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Writing a Lisp, Part 15: I/O

March 18, 2017

While it’s great that our language is Turing-complete and all, it’s still pretty useless if it can’t interact with the outside world. So we’re going to add four primitive functions to our language: getchar, print, itoc, and cat. The first is probably pretty familiar from C, the second is probably familiar from Python, the third one is a short name for “int to char”, and the last one concatenates two strings. itoc allows the programmer to work with arbitrary ASCII values and make characters such as newline (10), space (32), etc, and cat allows the programmer to create symbols character-by-character.

Why have print instead of putchar? Well, we don’t have a way to manipulate symbols on a character level right now, so we might as well be able to print whole objects.

We’re also going to add a built-in value to the basis, empty-symbol. Right now there is no way that I know of to build an empty symbol. That is, there is no way of reading something whose value is (Symbol ""). In order to write a some functions easily, that will be a necessity.

let basis =
  let prim_getchar = function
    | [] ->
        (try Fixnum (int_of_char @@ input_char stdin)
        with End_of_file -> Fixnum (-1))
    | _ -> raise (TypeError "(getchar)")
  let prim_print = function
    | [v] -> let () = print_string @@ string_val v in Symbol "ok"
    | _ -> raise (TypeError "(print val)")
  let prim_itoc = function
    | [Fixnum i] -> Symbol (stringOfChar @@ char_of_int i)
    | _ -> raise (TypeError "(itoc int)")
  let prim_cat = function
    | [Symbol a; Symbol b] -> Symbol (a ^ b)
    | _ -> raise (TypeError "(cat sym sym)")
  let newprim acc (name, func) =
    bind (name, Primitive(name, func), acc)
  List.fold_left newprim ["empty-symbol", ref (Some (Symbol ""))] [
    ("getchar", prim_getchar);
    ("print", prim_print);
    ("itoc", prim_itoc);
    ("cat", prim_cat);

getchar expects no arguments and returns a character from standard input. Since we have no way of detecting exceptions raised, we’ll return -1 if we encounter EOF. This is useful because -1 is not in the ASCII table and therefore corresponds to no valid character. Notice that getchar returns a Fixnum and therefore has to be converted with itoc by the programmer.

print prints the string_val representation of a value and returns the symbol ok. Nothing spcial.

itoc converts the given number into a character, makes a string of length 1, and then returns a symbol. Nothing fancy.

You’ll notice that getchar and itoc use this weird operator @@. Turns out it’s actually a pretty handy operator. Because of its precedence, it allows for chaining of functions, and they are applied in sequence. So it makes the following two lines equivalent:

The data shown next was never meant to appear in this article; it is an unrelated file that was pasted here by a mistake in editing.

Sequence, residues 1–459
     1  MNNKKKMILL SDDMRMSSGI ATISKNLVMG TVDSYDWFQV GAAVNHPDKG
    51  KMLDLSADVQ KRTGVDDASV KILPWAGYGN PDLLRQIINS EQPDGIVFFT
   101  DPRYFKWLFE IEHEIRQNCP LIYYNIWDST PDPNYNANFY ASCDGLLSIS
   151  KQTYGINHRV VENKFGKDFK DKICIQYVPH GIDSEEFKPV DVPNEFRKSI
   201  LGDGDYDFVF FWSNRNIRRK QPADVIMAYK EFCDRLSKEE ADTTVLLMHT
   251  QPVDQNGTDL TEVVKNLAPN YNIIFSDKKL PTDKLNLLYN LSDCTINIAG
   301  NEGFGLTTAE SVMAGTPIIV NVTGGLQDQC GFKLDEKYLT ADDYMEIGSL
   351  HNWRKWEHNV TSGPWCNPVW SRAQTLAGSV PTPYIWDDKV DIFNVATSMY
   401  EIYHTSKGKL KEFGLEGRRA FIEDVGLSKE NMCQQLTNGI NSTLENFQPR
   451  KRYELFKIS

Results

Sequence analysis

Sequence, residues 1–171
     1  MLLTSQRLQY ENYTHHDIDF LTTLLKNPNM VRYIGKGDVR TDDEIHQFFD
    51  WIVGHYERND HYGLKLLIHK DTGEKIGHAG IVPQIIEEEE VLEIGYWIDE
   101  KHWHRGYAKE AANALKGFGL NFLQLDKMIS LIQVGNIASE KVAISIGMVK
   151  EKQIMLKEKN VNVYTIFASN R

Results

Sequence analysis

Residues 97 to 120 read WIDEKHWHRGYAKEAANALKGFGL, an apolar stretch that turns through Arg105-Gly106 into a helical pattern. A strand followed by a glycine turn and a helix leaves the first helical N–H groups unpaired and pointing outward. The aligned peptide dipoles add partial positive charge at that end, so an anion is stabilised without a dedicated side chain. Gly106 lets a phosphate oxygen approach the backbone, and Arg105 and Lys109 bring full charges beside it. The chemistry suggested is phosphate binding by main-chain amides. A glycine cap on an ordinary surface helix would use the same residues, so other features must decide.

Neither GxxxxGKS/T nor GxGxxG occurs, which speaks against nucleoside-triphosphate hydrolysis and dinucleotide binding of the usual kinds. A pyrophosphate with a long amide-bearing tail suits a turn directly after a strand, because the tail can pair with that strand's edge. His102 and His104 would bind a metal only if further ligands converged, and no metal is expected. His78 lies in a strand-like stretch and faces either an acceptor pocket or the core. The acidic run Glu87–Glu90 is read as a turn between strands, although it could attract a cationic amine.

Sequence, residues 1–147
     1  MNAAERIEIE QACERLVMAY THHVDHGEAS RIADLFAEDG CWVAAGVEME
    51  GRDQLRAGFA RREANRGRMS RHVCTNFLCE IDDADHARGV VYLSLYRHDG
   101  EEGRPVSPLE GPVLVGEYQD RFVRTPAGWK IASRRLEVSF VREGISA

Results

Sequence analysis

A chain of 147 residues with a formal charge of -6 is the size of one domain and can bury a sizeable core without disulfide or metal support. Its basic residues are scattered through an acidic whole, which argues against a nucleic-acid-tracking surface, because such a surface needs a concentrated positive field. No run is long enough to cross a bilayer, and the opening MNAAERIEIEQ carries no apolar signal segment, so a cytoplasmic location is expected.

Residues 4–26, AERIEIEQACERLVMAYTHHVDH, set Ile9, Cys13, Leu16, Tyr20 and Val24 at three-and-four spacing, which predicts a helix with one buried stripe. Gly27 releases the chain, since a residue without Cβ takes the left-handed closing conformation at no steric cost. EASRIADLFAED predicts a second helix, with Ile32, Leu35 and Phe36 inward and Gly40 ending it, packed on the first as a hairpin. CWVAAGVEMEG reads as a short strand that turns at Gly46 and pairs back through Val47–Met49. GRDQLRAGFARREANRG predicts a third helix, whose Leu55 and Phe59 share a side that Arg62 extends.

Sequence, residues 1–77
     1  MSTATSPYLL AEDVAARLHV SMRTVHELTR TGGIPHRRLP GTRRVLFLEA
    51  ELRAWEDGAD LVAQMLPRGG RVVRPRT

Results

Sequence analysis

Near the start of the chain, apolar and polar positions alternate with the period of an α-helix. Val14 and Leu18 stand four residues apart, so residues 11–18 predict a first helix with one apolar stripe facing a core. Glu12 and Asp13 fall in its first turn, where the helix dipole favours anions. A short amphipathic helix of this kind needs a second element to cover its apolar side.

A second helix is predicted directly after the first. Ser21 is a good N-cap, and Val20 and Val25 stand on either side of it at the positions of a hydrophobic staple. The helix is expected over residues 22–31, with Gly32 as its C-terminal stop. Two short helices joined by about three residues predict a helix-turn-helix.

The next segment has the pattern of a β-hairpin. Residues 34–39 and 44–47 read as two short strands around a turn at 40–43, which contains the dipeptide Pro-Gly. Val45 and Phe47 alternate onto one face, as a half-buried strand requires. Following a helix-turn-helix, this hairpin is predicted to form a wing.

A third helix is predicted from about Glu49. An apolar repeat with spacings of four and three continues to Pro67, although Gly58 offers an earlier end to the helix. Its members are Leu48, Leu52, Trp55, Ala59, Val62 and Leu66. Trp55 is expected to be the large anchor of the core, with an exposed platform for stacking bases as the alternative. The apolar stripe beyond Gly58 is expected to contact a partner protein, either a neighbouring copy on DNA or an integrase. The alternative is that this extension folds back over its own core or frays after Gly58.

int_of_char @@ input_char stdin
int_of_char (input_char stdin)

Yeah, it’s one character longer, but it removes parentheses.

empty-symbol is defined as expected.

There’s one really annoying problem with these functions, though. If you stopped reading and went ahead and implemented them, you’d probably see behavior like:

$ ocaml 15_io.ml
> (getchar)
> (itoc (getchar))


What gives? It’s not even waiting for me to type something — it just takes the newline!

That’s for two reasons:

  1. Our REPL does not try and read one line at a time. It reads in units of s-expression, and then stops.
  2. We’re entering the program on the same channel as the program is expecting to read user input.

So when I go to hit enter, the reader goes all the way until the last parenthesis, then stops. And then the next character is the newline, 10.

The easy fix, as it turns out, is to add the ability to read from a file instead of only supporting a REPL. We’ll make a better reader in the next post, so hold off on line reading for a second.

Let’s go back to main:

let get_ic () =
  try  open_in Sys.argv.(1)
  with Invalid_argument s -> stdin

let main =
  let ic = get_ic () in
  let stm = { chr=[]; line_num=1; chan=ic } in
  try  repl stm basis
  with End_of_file -> if ic <> stdin then close_in ic

This is some pretty new stuff. get_ic means “get input channel”. It tries to get the command-line argument to the interpeter and open it as an input channel. open_in is analogous to fopen from C.

Note that it gets index 1 instead of index 0, since 15_io.ml is in index 0:

index:  0        1
$ ocaml 15_io.ml mylispprogram.lsp

Once it has the channel, it makes our nice little stream and calls repl. If that has an End_of_file exception, which happens if we hit Control-D in the REPL or the program reaches the end of our input file, it cleans up after itself and exits.

Note that we only want to close the input file if it’s not stdin (the <> operator), otherwise we can’t read anything else after.

We should probably modify repl so that it doesn’t print a prompt if it’s reading from a file that the user passed in:

let rec repl stm env =
  if stm.chan=stdin then ( print_string "> "; flush stdout; );
  let ast = build_ast (read_sexp stm) in
  let (result, env') = eval ast env in
  if stm.chan=stdin then print_endline (string_val result);
  repl stm env';;

We also probably don’t want to print the result of every intermediate expression in the user’s program, so we limit that to REPL-only as well.

Let’s take it for a spin:

$ cat > myprogram.lsp
(print (itoc (getchar)))
(print (itoc 10))
(print (cat 'hello (cat (itoc 32) 'world)))
$ ocaml 15_io.ml myprogram.lsp
hello world


Download the code here if you want to mess with it.

There are some I/O functions that would be really useful to have in user-define programs, but that we don’t want to bake right into the OCaml code. This is where having a standard library would come in super handy, so that’s up next!